A friend of a French film producer who was found buried in a shallow grave in her garden became suspicious after she received “strange” messages from her phone, a court has heard.
Kirill Belorusov, 32, is accused of killing Laureline Garcia-Bertaux at her London home and then sending texts from her mobile to cover his tracks.
Beth Penman told the Old Bailey she became “confused” by the messages about a shopping spree and a “fit” vet.
Mr Belorusov denies murder.
On 5 March, the 34-year-old was found naked, bound, wrapped in bin bags and buried in a flower bed in the back garden of her flat in Kew.
The jury was told Ms Penman became concerned after receiving “confusing” messages from her close friend’s phone days before she was found.
One described Ms Garcia-Bertaux going on a shopping spree in Oxford Street, which Ms Penman said was “completely” surprising because her friend preferred shopping online.
Further texts mentioned how she wanted to be “young and hot again”, while another on 3 March spoke about meeting a “fit” vet.
When asked by prosecutor Oliver Glasgow QC whether it was “the kind of thing Laureline might do?”, Ms Penman replied: “No. It seemed far-fetched to me.”
She also told Mr Glasgow that she was alarmed by the messages.
Prosecutors have told the court Mr Belorusov owed the victim thousands of pounds, and he had tricked his way into her home where he strangled her.
The jury has also heard the 32-year-old was captured on CCTV buying an axe, rubble sacks and plastic clogs in Homebase, which he used to dispose of her body.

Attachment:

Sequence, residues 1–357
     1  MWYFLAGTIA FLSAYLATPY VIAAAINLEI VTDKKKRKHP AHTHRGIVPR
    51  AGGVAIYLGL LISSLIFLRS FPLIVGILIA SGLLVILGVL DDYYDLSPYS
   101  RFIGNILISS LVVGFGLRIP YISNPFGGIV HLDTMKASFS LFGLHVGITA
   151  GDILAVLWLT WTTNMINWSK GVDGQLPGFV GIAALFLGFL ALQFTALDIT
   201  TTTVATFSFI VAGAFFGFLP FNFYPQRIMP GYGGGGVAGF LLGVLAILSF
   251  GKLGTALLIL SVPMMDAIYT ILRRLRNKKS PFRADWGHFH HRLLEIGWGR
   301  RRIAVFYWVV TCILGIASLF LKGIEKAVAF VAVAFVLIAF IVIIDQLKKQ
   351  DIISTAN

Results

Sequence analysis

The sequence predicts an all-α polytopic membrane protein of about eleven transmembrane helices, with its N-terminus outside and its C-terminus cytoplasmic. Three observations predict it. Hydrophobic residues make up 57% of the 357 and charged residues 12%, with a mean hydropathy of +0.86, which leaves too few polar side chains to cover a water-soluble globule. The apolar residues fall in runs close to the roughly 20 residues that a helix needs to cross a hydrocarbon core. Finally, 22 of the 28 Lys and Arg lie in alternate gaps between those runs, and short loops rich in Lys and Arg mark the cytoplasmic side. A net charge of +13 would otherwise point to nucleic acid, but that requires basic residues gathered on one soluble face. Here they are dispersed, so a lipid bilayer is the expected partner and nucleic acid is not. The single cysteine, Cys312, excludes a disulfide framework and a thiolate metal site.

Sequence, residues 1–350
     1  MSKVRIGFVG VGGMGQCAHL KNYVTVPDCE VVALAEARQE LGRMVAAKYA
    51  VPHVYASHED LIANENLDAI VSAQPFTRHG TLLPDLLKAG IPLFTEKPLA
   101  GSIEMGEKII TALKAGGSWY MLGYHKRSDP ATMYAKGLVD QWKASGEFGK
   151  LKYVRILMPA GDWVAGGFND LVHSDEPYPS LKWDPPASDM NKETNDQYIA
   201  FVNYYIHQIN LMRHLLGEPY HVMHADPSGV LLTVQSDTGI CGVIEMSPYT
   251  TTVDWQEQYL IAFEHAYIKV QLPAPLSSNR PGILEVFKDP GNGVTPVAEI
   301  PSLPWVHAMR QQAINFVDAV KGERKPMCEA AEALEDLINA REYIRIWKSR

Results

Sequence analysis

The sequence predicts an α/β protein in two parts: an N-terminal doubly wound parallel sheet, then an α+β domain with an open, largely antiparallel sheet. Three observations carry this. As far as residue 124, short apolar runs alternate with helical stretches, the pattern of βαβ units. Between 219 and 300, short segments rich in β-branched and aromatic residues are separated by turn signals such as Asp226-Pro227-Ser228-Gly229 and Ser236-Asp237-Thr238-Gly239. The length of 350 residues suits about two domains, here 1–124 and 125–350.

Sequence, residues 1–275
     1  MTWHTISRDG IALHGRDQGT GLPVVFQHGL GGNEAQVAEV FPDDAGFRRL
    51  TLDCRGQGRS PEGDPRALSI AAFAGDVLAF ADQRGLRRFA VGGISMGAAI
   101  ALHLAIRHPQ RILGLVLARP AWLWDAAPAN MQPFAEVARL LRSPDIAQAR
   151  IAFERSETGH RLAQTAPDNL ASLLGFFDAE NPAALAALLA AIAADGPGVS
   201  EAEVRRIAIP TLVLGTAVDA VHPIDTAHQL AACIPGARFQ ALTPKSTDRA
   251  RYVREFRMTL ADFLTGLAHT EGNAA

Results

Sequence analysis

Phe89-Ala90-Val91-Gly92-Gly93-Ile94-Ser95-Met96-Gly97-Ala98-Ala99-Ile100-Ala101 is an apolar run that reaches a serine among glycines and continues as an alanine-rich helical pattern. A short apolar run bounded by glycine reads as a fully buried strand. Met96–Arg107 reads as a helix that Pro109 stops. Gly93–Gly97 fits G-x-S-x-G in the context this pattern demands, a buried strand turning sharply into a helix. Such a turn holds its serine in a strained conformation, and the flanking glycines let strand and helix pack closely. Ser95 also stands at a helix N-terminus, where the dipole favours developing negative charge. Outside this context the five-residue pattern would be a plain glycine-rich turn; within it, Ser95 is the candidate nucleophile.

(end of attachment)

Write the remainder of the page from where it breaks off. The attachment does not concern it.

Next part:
Following the murder, Mr Belorusov fled to Estonia, his home country, but was brought back to Britain to face trial, prosecutors have said.
The trial continues.
Figures pictured on a cardboard effigy of Grenfell Tower filmed being burned were not meant to represent people who died, a court heard.
Paul Bussetti, 47, told Westminster Magistrates’ Court the images depicted friends who were at a bonfire party on 3 November 2018.
He shared footage of the effigy on WhatsApp and it was added to YouTube.
Mr Bussetti denies sending or causing grossly offensive material to be sent via a public communications network.
The clip of the cardboard building, which had “Grenfell Tower” written on it, was recorded at a party attended by about 30 people in south London.
Prosecutors said the footage is racist in its content, while a relative of one of the 72 people who died in the blaze on 14 June 2017 called it “revolting”.
Mr Bussetti, of South Norwood, told the court the effigy had been created by his friend Steve Bull and was meant as a joke “about us”.
Asked who the characters on the effigy were, he said they were “the majority of people that were at the party” who had all found it “funny”.
One black-clad figure who was referred to as “ninja” was meant to represent his friend’s son who did martial arts, while his own image had been on the other side of the box, the Mr Bussetti said.
The father-of-two said he shared the footage with about 20 people on two WhatsApp groups but he had never intended it to go further.
When prosecutor Philip Scott suggested he sent the footage because it was in keeping with other “highly racist” content he shared, Mr Bussetti replied that it was “just banter” and denied being racist.
He also told the court he had not originally told police that the people in the tower were him and his friends because he was “scared” and “nervous”.
The trial continues.